More like studying to gain more knowledge, cars have gone a long way when it comes to tuning their brains – called Electronic Control Unit.
Older cars relied on computer chips. Modern cars, however, can be flashed on a software level. The car’s diagnostic port is linked to a laptop which then uploads the new software to the car. As automobiles evolve and become more complex, ECU tuning became more advanced as a consequence.
But ECU tuning isn’t just grabbing your laptop, plugging into the OBD port, and input that you would like a million horsepower. Nope, it isn’t a one and done thing.
There are different kinds of ECU tuning and we are to discuss it below.
Let’s start with chip and flash tuning as these two have nearly identical execution. Both methods rely on a computer to program a tune based on the specific needs of your car.
This tuning software will generally modify ignition timing and modify the engine’s fueling, as well as other important (read: power un-tapping) factors. It will be uploaded to your ECU which overwrites the OEM tune file.
A flash tune can be uploaded straight to your car while a chip needs to be physically fitted to the engine’s ECU. After you are done tuning your car with either method, you will instantly experience the boost in power the moment you drive your car – mainly because the car now responds more instantly to the prodding of our leaded right foot.
This system completely replaces your car’s factory computer and has virtually unlimited capabilities. The only downside with standalone engine management is that it requires plenty of work to install.
They are almost only used for highly modified cars or race, non-road legal cars. An appropriate setup for a standalone fuel management can cost between $4000 and $40,000. For the majority of streetcars, a standalone ECU isn’t really necessary.
Today’s cars feature extremely complex computer systems. The sheer volume of data that their engine ECUs process every second is nothing short of amazing. And did we already say really complex?
A lot of this has to do with the integration of new features.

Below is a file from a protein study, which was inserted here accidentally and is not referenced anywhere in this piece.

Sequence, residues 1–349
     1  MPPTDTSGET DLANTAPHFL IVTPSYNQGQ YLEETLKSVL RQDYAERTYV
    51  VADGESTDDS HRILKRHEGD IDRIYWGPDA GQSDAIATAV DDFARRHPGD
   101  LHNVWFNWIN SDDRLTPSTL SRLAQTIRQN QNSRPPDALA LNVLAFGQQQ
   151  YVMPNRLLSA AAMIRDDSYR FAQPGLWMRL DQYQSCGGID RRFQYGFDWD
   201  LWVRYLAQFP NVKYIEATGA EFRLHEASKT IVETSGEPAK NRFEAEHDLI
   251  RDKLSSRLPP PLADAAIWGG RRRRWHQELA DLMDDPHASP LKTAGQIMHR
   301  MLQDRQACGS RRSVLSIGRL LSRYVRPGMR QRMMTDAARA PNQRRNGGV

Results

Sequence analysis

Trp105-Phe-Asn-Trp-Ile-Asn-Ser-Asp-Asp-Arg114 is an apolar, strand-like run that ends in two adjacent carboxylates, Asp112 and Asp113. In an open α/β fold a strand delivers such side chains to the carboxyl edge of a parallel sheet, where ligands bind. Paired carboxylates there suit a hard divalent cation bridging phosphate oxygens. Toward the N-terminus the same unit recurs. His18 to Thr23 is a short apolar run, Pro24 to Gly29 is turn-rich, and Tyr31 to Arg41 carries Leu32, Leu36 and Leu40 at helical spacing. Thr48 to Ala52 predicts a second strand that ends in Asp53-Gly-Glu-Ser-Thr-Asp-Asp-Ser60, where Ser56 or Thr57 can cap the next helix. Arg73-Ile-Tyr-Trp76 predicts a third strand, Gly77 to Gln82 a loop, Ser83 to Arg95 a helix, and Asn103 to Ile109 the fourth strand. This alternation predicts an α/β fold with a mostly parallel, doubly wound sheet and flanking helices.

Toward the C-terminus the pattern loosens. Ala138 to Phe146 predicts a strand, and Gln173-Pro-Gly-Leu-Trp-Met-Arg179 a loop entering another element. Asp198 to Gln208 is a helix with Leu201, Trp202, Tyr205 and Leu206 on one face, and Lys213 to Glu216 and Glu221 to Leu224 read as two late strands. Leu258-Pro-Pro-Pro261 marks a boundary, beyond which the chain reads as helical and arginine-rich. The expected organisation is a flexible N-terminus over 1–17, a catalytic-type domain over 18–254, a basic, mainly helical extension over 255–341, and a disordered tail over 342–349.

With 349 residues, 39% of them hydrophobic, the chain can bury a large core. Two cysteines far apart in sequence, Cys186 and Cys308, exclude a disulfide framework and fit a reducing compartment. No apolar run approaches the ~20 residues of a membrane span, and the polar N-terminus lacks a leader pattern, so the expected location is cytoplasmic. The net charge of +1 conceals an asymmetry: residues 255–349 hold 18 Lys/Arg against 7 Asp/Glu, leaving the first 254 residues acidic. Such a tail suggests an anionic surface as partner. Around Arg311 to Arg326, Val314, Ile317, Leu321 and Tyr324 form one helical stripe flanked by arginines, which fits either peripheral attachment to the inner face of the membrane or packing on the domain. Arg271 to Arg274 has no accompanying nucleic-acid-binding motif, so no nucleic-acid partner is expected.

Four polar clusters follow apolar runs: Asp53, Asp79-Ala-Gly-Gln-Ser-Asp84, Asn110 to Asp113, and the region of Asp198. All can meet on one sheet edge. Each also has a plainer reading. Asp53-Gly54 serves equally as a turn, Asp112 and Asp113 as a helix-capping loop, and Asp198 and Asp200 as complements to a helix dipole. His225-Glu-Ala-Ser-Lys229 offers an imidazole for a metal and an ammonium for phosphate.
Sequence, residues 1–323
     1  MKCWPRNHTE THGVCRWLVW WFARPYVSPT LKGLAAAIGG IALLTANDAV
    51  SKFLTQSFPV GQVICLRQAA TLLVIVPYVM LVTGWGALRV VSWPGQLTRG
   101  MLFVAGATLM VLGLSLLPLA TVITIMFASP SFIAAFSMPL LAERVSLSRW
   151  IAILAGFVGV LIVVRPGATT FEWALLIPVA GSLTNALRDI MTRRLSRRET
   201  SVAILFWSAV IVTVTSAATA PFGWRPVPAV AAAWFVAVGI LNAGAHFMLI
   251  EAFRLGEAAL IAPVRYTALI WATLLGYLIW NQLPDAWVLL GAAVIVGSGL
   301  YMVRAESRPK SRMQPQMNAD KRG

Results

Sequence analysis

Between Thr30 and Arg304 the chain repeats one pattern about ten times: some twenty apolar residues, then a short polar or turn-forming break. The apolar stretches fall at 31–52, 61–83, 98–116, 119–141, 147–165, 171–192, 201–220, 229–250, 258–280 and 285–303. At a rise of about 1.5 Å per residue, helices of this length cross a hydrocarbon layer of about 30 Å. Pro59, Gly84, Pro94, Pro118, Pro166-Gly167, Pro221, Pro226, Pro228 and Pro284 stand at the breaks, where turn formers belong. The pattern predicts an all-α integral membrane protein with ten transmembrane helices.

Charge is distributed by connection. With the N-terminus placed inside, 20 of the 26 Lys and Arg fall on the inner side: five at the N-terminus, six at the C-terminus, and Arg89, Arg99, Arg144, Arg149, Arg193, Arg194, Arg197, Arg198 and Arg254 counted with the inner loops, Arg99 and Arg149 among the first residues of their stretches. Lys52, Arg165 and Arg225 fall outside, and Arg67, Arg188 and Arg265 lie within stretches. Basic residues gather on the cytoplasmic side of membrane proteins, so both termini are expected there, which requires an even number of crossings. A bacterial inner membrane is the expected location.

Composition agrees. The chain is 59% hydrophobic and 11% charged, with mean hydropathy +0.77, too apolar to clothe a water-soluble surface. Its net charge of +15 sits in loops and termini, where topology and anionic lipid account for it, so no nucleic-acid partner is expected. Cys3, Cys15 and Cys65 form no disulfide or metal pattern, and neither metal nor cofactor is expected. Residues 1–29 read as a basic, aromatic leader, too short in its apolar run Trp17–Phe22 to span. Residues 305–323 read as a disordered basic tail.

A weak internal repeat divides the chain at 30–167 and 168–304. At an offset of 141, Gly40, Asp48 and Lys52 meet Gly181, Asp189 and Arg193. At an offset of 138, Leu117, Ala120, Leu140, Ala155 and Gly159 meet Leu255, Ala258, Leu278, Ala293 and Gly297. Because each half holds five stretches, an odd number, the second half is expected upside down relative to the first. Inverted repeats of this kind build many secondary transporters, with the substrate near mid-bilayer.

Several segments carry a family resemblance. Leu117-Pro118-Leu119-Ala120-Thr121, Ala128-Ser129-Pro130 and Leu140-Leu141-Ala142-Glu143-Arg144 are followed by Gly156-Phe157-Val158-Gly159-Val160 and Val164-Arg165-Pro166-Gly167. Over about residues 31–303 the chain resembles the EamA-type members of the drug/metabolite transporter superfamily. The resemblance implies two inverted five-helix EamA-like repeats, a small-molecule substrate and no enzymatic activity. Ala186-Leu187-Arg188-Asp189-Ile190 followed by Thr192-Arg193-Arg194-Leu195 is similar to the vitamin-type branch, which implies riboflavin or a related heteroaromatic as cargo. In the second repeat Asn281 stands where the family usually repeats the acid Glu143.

That’s because of engine downsizing and ever stringent emissions standards. Modern automobiles have advanced camshaft control, turbochargers, direct-inject systems, coil on its plug ignition, etc. More components mean more data to process which requires more computing power as a result. A lot of automobile manufacturers also encrypt their ECU software making it extremely challenging to reprogram. Again, because of emissions standards and the engineering complexity of it all.
For a lot of enthusiasts, it’s easier to run a piggyback tuner or tuning box kit. These types of tuning systems intercept valuable sensor data (such as air/fuel ratio, ignition, throttle position, crank position, camshaft position, MAP/MAF, or others) and modify the signals before sending them to the ECU.
It’s fairly easy to install a piggyback module and you don’t have to be a skilled mechanic to do it. You can also DIY the installation process with just some basic hand tools and instructional videos on YouTube. This means you don’t have to spend money on hiring outside help.
It’s basically just like a chip or flash tune where software is uploaded to the car. By modifying the signals from engine sensors, the factory ECU is effectively tricked into producing more power, because the sensors will output signals which make the ECU think it’s not producing enough power. Neat trick, right?
But if you are on the fence about what to get for your ride, give one of our world-class professionals a call at 1-480-966-3040.